Brussels World and International Exhibition 1958 - Expo58

Review of the world for a more human world

April 17, 1958 - October 19, 1958


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Diamond Industry

Diamond Industry at the Exhibition Expo Brussels 1958

© Expo58

Architect(s) : R. Haan

Located opposite the Grand Palais, the diamond industry pavilion was part of a complex that included the Palais de l'Elegance, and the Luxury and Adornment industries.

The mahogany panelling and decoration of the pavilion highlighted the 49 showcase cases that protected a never-before-seen collection of jewels and stones of great price.

A working diamond workshop showed you how to cut and polish diamonds into precious jewels.

Under the entrance portico, four outdoor showcases summarised the activities of the group.

Do you know the fabulous history of diamonds?

Showcase no. 1 recalled the first imports into Europe, the prestige that the jewel enjoyed first in the Oriental courts and then throughout the world, not only as a jewel, but as a factor of industrial progress.

The extraction of diamonds requires an extraordinary effort: to obtain 12 litres of rough diamonds, a volume of earth equal to that of the pyramid of Cheops must be stirred up!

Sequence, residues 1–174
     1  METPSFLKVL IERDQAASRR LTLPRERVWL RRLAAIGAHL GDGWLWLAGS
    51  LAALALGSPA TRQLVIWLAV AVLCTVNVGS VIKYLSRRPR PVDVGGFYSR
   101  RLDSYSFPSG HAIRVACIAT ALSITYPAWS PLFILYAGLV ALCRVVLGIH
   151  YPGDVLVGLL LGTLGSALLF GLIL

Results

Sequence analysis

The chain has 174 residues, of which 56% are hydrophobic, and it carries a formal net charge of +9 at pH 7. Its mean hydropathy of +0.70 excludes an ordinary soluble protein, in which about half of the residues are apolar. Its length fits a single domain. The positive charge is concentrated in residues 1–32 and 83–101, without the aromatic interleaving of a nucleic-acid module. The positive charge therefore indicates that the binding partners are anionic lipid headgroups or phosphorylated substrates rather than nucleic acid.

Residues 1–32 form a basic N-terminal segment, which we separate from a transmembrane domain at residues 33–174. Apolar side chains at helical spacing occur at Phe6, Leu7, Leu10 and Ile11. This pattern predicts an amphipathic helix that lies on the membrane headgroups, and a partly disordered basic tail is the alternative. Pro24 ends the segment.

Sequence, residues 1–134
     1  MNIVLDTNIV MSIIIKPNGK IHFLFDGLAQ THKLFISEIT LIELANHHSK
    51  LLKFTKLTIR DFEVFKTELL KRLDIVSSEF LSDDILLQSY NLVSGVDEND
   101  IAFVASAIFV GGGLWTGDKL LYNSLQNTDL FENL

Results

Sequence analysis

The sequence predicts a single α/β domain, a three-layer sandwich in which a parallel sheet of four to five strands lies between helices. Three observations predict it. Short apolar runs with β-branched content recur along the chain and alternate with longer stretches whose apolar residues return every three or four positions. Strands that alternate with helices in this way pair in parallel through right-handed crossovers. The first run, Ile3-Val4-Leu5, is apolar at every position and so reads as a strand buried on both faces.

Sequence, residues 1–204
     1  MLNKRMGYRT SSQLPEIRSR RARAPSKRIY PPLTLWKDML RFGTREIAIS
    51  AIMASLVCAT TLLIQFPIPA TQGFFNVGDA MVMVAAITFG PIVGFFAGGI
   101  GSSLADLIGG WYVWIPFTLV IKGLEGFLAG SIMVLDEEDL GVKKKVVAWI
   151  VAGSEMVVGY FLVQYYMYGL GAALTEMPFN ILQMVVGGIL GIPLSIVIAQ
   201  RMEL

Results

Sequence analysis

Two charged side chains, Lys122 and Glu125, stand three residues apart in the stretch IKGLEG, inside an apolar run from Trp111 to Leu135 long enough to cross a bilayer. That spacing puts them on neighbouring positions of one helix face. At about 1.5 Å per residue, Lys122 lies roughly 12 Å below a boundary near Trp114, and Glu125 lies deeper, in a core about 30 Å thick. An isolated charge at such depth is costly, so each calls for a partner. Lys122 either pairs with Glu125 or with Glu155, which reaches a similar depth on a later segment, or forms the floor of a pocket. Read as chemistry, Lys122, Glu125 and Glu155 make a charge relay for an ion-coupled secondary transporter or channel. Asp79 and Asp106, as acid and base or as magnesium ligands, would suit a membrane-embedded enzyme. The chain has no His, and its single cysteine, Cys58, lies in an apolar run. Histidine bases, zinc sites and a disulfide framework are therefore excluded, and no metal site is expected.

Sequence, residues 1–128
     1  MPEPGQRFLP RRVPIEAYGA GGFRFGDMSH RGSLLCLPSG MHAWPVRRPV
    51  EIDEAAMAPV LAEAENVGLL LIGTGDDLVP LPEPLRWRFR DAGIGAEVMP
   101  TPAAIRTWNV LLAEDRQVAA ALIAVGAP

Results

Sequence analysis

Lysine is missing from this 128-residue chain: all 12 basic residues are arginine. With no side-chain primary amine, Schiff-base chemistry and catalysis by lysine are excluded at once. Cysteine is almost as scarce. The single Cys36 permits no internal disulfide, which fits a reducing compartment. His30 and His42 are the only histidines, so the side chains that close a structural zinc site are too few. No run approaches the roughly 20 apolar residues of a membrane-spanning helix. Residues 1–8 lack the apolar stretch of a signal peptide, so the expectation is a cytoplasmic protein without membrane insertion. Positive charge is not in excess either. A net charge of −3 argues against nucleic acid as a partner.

This is illustrated in showcase 2, which shows the various stages of extraction.

In Belgium, Antwerp is the main city for diamonds, where they were used as elegant ornaments. But other industries were born in the country that treated diamond as an industrial material.

These two uses were the subject of the third showcase.

The last showcase presented a luminous map of diamond mining points in the Belgian Congo, a circular saw with diamond teeth, and photographic reproductions of diamond tools in their industrial applications.

The social aspect had not been neglected: the introduction of diamonds in industrial techniques has lightened the workload of the worker.

The Mining pavilion of the Belgian Congo section gave you even more information about diamond mining. If you were interested in diamond tools, visit the pavilion for metalworking.

© Guide Officiel Exposition Universelle de Bruxelles 1958 - Desclée & Co